Suitors and Sabotage just didn’t work for me. I like Anstey’s other books, so I’ll keep an open mind about future novels, but I can’t recommend this one.

2 star review Briana

Murder, Magic, and What We Wore by Kelly Jones

Murder, Magic, and What We Wore-min


Goodreads: Murder, Magic, and What We Wore
Series: None (yet?)
Source: City Book Review
Published: September 19, 2017


Miss Annis Wentworth has always suspected her father was a spy for England, so when he dies under mysterious circumstances, she takes it upon herself to do some spy work herself to find the murderer. However, her sudden lack of financial support means she has to balance her sleuthing with her new (but completely secret) job as a glamour modiste—a fashionable dressmaker who can imbue her clothes with magic.


Murder, Magic, and What We Wore fits into the small trend I’ve noticed of Regency era YA books that focus on fun and flirting and try not to take themselves overly seriously—even when discussing things like, well, murder.  Think of Cindy Anstey’s Love, Lies and Spies, and you’ll understand the type of tone Kelly Jones has adopted here, though personally I think Anstey does it better.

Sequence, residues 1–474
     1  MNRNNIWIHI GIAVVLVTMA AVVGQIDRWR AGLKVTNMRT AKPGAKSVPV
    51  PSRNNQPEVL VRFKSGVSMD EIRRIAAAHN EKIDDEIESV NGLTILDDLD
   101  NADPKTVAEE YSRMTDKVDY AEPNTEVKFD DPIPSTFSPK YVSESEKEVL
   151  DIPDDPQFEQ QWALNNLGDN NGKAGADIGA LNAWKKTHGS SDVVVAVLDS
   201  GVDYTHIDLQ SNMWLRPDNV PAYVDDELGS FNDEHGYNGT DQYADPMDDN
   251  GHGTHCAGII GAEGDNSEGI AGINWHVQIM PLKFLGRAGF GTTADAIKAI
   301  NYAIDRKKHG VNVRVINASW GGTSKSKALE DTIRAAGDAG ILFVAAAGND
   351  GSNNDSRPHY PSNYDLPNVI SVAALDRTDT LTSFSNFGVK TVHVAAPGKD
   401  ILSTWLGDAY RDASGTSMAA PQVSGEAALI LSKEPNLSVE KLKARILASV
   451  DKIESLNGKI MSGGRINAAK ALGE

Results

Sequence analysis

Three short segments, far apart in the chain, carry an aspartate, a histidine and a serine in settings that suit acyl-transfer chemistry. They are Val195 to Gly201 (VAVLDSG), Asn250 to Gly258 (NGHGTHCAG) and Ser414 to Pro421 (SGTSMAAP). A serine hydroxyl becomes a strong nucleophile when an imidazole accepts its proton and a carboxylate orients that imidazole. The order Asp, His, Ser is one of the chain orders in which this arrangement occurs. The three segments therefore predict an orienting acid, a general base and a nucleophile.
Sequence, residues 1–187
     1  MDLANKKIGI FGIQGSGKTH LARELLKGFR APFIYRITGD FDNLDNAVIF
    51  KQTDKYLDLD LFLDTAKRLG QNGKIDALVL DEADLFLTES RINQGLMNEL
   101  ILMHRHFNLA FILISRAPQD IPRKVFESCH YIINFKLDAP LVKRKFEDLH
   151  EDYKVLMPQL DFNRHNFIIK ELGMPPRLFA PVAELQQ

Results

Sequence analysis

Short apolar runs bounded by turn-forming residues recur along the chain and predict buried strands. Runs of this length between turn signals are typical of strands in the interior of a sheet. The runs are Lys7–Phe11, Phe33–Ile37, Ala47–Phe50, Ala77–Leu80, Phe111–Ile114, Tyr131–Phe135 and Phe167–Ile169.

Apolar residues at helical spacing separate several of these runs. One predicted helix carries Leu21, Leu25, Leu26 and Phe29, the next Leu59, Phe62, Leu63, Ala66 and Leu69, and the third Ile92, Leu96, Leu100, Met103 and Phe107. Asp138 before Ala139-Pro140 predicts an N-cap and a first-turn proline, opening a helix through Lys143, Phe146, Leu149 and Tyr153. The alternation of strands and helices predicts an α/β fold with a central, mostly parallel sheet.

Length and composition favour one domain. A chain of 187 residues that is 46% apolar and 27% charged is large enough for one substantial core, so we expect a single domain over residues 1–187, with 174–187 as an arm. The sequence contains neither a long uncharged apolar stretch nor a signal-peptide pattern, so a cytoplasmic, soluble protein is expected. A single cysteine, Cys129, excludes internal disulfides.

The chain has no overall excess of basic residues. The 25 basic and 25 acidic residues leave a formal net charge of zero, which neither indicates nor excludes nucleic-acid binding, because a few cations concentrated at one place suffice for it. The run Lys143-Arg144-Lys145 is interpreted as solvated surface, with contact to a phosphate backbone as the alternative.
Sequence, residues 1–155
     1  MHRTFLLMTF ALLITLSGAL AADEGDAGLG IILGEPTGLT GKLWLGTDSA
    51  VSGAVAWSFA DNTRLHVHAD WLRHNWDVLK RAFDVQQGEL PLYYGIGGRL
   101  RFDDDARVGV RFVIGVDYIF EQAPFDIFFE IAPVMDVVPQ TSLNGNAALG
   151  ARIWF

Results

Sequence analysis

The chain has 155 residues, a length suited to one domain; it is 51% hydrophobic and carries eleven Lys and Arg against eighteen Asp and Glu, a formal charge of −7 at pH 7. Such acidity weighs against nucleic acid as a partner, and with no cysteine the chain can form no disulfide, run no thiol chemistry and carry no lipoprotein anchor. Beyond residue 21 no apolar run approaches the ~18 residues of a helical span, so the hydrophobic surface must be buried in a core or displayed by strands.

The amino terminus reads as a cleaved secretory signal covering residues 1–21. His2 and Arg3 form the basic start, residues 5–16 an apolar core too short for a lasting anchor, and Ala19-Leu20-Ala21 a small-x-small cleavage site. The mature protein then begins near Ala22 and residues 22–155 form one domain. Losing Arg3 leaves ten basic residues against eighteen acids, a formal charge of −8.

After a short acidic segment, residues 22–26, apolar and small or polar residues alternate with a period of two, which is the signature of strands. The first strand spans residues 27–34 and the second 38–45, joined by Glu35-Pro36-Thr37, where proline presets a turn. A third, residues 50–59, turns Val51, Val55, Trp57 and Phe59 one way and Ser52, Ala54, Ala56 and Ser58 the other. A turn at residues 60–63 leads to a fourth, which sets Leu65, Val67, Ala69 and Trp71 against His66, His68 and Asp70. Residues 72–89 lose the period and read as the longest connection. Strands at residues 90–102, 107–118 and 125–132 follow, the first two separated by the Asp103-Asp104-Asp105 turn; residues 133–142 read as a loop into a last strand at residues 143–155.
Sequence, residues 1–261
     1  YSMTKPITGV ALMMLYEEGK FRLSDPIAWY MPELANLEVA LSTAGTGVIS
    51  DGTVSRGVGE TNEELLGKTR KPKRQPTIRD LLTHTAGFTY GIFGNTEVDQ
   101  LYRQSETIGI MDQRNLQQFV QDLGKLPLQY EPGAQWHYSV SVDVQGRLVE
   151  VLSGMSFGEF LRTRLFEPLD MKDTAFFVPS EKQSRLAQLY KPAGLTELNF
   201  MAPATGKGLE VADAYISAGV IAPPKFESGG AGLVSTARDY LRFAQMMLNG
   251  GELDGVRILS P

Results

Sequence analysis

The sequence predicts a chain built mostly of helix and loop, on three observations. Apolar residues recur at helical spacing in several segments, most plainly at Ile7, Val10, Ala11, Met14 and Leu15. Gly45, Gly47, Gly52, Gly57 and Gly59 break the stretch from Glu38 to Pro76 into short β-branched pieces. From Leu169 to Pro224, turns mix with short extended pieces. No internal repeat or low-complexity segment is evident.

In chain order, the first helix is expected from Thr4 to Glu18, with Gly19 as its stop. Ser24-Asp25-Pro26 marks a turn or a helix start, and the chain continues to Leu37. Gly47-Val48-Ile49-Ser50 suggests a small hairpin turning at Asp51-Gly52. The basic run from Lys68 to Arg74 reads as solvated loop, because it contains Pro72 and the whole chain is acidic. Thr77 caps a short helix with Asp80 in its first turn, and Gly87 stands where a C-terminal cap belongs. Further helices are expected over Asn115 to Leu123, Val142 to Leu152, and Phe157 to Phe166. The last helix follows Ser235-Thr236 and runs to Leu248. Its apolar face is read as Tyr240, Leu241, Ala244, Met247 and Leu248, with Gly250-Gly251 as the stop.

Jones seems to struggle with finding the right balance for Murder, Magic, and What We Wore because there’s simply so much going on in the book.  There’s the looming issue that protagonist Annis Wentworth believes her father was a spy for England and has been murdered by his enemies and that she needs to uncover her killer and deliver whatever news he was carrying related to the exiled Napoleon.  Yet…weirdly this major, serious plot thread is not always the focus of the novel.  In fact, I’d say most of the novel is focused on the “magic” and “what we wore” part, as Annis tries to live a double life, disguising herself as a fashionable, magical dressmaker (because no self-respecting woman of her station would run a shop) and attempting to maintain her status as a young lady of society known for her fashion sense and advice.